Shooting down a deer with a single shot

Shooting down a deer with a single shot

Once you have found a deer and stalked it for a long time, last thing you wish is to lose it on the bushes because your shot didn't shoot down the animal instantly; moreover, killing a deer with a single shot is the most humane way to do it and should be the aim of every responsible hunter.

But shooting down a deer with a single shot is not just an easy task, instead it takes hours of practice and some wounded animals before achieving the required mastery to neutralize a deer with a single bullet.

And to do it, everything is about technique. Most of hunters prefer a direct hit to the heart-lung area because it offers a large target and almost all deer wounded on this area will have a massive hemorrhage which will kill them sooner or later.

Even when shooting to the heart-lung area is a shot for sure, it does not always kill deer instantly; thus it will be necessary to follow a blood trail for a long course before recovery your trophy. This will waste your energy and alert other deer on the area about hunters presence rendering new trophies more difficult to catch.

On the other hand, a wounded, suffering animal running away for its life is not theKilling a deer with a single shot most humane way to kill a deer.

Because of the above some hunters prefer a straight hit on the brain. This way the deer will die instantly with almost no meet loses, however the head is a small, hard to aim target, especially on long range shots, thus it's easy to miss over the head or hitting the jaw because of a tiny aiming mistake.

This is common when aiming to the head from the animals front; using the technique to  point to an area located around 2 inches above the imaginary line linking both tear ducts. Especially from below, missing or hitting may be just a matter of luck.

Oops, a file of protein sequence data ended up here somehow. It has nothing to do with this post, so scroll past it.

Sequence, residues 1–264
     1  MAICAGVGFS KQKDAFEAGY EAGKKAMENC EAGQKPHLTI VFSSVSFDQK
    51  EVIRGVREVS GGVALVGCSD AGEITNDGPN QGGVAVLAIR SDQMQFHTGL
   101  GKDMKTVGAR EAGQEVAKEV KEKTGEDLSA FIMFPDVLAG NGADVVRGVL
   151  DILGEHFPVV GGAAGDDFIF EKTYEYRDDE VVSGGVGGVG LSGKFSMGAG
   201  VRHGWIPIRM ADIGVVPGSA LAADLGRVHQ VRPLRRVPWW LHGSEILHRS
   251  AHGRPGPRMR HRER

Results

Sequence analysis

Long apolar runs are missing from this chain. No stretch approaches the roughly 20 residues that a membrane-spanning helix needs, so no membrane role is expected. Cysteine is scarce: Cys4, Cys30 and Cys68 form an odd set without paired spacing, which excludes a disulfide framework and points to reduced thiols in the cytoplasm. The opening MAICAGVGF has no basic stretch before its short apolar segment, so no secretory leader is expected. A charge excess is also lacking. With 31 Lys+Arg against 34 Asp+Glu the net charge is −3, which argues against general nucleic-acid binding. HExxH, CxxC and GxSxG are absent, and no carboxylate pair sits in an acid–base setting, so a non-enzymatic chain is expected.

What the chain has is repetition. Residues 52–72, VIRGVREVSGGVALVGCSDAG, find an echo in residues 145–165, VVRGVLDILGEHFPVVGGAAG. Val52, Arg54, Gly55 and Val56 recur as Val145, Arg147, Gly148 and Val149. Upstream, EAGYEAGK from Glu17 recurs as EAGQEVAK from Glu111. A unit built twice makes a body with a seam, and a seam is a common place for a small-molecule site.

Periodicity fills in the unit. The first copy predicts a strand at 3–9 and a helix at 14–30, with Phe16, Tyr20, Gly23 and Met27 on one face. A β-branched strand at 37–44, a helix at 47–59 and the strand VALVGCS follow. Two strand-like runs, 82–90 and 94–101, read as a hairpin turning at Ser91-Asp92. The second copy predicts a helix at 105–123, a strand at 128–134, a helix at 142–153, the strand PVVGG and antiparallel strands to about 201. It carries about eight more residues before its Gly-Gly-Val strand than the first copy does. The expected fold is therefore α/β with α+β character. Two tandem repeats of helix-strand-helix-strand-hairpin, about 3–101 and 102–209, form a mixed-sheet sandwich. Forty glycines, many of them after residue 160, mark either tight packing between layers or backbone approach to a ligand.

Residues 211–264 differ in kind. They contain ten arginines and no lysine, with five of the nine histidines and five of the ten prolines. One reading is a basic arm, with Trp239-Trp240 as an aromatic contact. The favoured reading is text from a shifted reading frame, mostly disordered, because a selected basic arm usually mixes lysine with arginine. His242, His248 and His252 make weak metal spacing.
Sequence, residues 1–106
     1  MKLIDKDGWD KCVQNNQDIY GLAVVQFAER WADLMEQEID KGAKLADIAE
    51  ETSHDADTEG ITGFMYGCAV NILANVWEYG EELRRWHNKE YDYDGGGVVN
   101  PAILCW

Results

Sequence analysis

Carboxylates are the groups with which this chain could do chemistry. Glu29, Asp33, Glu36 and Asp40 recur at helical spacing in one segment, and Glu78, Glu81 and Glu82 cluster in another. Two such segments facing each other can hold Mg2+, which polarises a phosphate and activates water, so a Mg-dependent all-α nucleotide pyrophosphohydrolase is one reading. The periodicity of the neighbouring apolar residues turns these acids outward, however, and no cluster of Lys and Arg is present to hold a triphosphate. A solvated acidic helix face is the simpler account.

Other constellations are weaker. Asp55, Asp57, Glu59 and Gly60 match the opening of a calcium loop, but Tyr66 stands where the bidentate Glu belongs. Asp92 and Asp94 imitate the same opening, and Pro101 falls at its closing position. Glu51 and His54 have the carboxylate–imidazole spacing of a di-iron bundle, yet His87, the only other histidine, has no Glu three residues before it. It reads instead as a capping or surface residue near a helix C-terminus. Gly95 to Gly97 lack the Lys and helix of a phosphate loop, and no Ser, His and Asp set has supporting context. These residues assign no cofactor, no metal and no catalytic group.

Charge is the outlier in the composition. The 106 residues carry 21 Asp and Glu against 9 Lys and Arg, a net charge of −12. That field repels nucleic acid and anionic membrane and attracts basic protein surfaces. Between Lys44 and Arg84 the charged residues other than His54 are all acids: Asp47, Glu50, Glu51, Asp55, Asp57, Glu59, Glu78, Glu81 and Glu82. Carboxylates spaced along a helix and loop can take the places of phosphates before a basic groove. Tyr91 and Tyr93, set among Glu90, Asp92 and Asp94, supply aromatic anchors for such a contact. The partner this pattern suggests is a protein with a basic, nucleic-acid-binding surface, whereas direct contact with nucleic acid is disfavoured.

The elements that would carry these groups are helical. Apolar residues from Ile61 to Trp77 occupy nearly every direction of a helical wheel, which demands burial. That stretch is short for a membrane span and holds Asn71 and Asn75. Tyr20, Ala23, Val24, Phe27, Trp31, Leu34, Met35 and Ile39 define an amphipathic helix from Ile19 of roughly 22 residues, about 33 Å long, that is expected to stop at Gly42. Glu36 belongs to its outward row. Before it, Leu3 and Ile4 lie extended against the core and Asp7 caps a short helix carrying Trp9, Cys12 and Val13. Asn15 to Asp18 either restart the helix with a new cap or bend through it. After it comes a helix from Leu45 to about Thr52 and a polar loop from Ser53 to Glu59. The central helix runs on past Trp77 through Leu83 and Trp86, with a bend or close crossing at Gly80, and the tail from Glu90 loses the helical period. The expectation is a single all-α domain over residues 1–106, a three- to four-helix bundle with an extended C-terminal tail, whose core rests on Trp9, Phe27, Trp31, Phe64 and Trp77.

To reduce fail chances some hunters prefer to hit the skull from the side, a couple of inches below the eyes. This approach allow a larger target and deer will die immediately too; however you don't have the chance of a lateral head view all the time.

Regardless front or side approach, when a bullet hits straight on head, the animal will die instantly with almost no meet loses.

A major problem using lateral or front shots is that deer may detect your presence easier, not only because they are able to see and ear you, but also smell your presence. That's why some hunters prefer to shoot from behind, just on the base of the skull, on the first 4 cervical vertebrae.

A bullet put on the neck properly will immobilize the animal and prevents meat loses but you'll need a second shot  or a neck cut to finish the job. Once again this might not be the most humane method because even when useful and safe, it provoques more agony to the game.

An alternate method would be the shoulder to shoulder hit. To shoot this way it will be necessary a lateral approach, aiming to the nearest shoulder and sending the bullet on a trajectory towards the farter shoulder. 

This shot will cut the spine leading to a massive neurogenic shock, killing the deer on a matter of seconds, furthermore, bullet cavitation will generate massive internal organs damage, imposibiliting the animal to run away.

Hunters who have mastered this type of shot think it's the best choice not only because it takes down deer quickly but also because there's almost no chance to miss, even when you might go high on the first attempts. 

The problem with this shot is the massive meat loses, something you don't wish if you hunt for living instead of sport; however it's better some meat loses than a whole wounded deer lost forever among the bushes.

No matter the technique you decide to use, remember to master it until the time you are able to kill a deer with a single bullet, no matter distance and position; that day you will be a top deer hunter.




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